How do you think SaaS vendors should approach pricing transparency?

Interested in your thoughts on A/B testing pricing and packaging, on opaque vs. transparent pricing, and on how companies should approach things like cancellation policies etc.

merci's avatar
2 years ago

A/B testing is hard (on its own) for bottoms-up SaaS pricing just because you won’t have the volume you want to make quick, informed decisions. Always start with user research. Ask free customers for feedback on pricing pages over Zoom, have non-customers give feedback on checkout flows, etc. Narrow down your options before thoughtfully deploying A/B tests.

I'm primarily interested in bottoms-up SaaS, which relies on transparent pricing to function. But something people often miss is this: high quality product writing is the packaging. This applies to all parts of the product, but is especially important that your customers be able to understand what they are buying and how to buy it. Even companies with great traction are always leaving money on the table with unclear writing. Hire writers who have good design taste.

Re: cancellation policies et al. Not quite sure what your question refers to, but you should always be good to your customers. Give them the benefit of the doubt, be nice, treat them with respect, answer their emails, and let them cancel without calling someone on the phone.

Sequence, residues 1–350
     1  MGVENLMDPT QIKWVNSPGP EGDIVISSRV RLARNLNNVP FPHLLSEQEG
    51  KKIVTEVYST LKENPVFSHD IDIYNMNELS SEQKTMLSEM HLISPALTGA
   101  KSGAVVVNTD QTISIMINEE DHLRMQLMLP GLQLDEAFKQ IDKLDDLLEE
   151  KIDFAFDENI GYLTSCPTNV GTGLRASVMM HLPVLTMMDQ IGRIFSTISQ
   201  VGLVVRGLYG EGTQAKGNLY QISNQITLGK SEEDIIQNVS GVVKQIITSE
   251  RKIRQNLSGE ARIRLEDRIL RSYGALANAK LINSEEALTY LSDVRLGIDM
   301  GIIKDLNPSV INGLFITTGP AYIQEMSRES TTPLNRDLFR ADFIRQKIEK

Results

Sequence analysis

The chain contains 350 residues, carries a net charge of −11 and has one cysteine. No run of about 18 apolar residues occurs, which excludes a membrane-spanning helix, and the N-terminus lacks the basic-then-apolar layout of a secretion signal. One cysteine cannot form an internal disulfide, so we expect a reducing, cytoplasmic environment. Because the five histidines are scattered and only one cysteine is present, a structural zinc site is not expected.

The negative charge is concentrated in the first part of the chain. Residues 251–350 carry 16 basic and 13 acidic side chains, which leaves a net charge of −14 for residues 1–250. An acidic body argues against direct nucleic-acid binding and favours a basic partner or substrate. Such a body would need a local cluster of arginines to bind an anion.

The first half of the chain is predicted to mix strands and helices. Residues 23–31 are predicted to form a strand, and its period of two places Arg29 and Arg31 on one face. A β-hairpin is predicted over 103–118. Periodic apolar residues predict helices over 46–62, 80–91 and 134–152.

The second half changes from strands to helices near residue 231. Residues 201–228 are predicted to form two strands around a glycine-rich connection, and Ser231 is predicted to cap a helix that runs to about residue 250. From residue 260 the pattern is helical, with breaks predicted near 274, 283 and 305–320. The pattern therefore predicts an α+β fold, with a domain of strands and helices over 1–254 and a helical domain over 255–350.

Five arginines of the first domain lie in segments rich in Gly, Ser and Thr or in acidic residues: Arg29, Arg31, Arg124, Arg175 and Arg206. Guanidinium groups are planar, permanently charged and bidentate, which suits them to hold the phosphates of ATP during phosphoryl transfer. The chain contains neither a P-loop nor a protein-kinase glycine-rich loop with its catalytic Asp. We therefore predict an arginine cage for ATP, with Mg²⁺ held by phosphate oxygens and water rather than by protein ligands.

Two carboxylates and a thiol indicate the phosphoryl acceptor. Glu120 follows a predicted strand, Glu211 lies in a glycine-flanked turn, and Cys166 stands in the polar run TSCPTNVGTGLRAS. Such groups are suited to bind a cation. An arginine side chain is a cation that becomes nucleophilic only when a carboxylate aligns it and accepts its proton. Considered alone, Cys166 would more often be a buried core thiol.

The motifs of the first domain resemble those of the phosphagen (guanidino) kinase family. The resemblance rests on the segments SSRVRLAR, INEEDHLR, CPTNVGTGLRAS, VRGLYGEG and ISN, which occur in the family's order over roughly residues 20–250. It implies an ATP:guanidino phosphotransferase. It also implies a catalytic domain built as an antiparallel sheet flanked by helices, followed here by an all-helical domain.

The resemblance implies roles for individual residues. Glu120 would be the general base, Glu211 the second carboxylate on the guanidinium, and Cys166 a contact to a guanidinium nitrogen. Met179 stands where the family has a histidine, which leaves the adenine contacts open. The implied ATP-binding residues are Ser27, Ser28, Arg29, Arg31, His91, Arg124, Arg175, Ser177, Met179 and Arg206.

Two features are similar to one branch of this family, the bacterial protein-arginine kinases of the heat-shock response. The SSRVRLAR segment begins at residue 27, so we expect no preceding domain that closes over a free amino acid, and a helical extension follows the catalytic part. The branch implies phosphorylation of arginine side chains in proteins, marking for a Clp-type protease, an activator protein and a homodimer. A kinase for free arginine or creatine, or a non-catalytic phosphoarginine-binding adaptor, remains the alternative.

5 points
forouzani's avatar
@forouzani (replying to @merci )
2 years ago

I think cancellation is one of the best ways to learn how you can provide more value to the customer. If you force a call for cancellation, it can be very informative for the business, and can help drive value back to the customer.

Do you think this is being greedy? i.e. forcing the customer to call to cancel to extract more data from them?

2 points

This question is part of an AMA with Merci Victoria Grace.

View entire AMA with Merci Victoria Grace.
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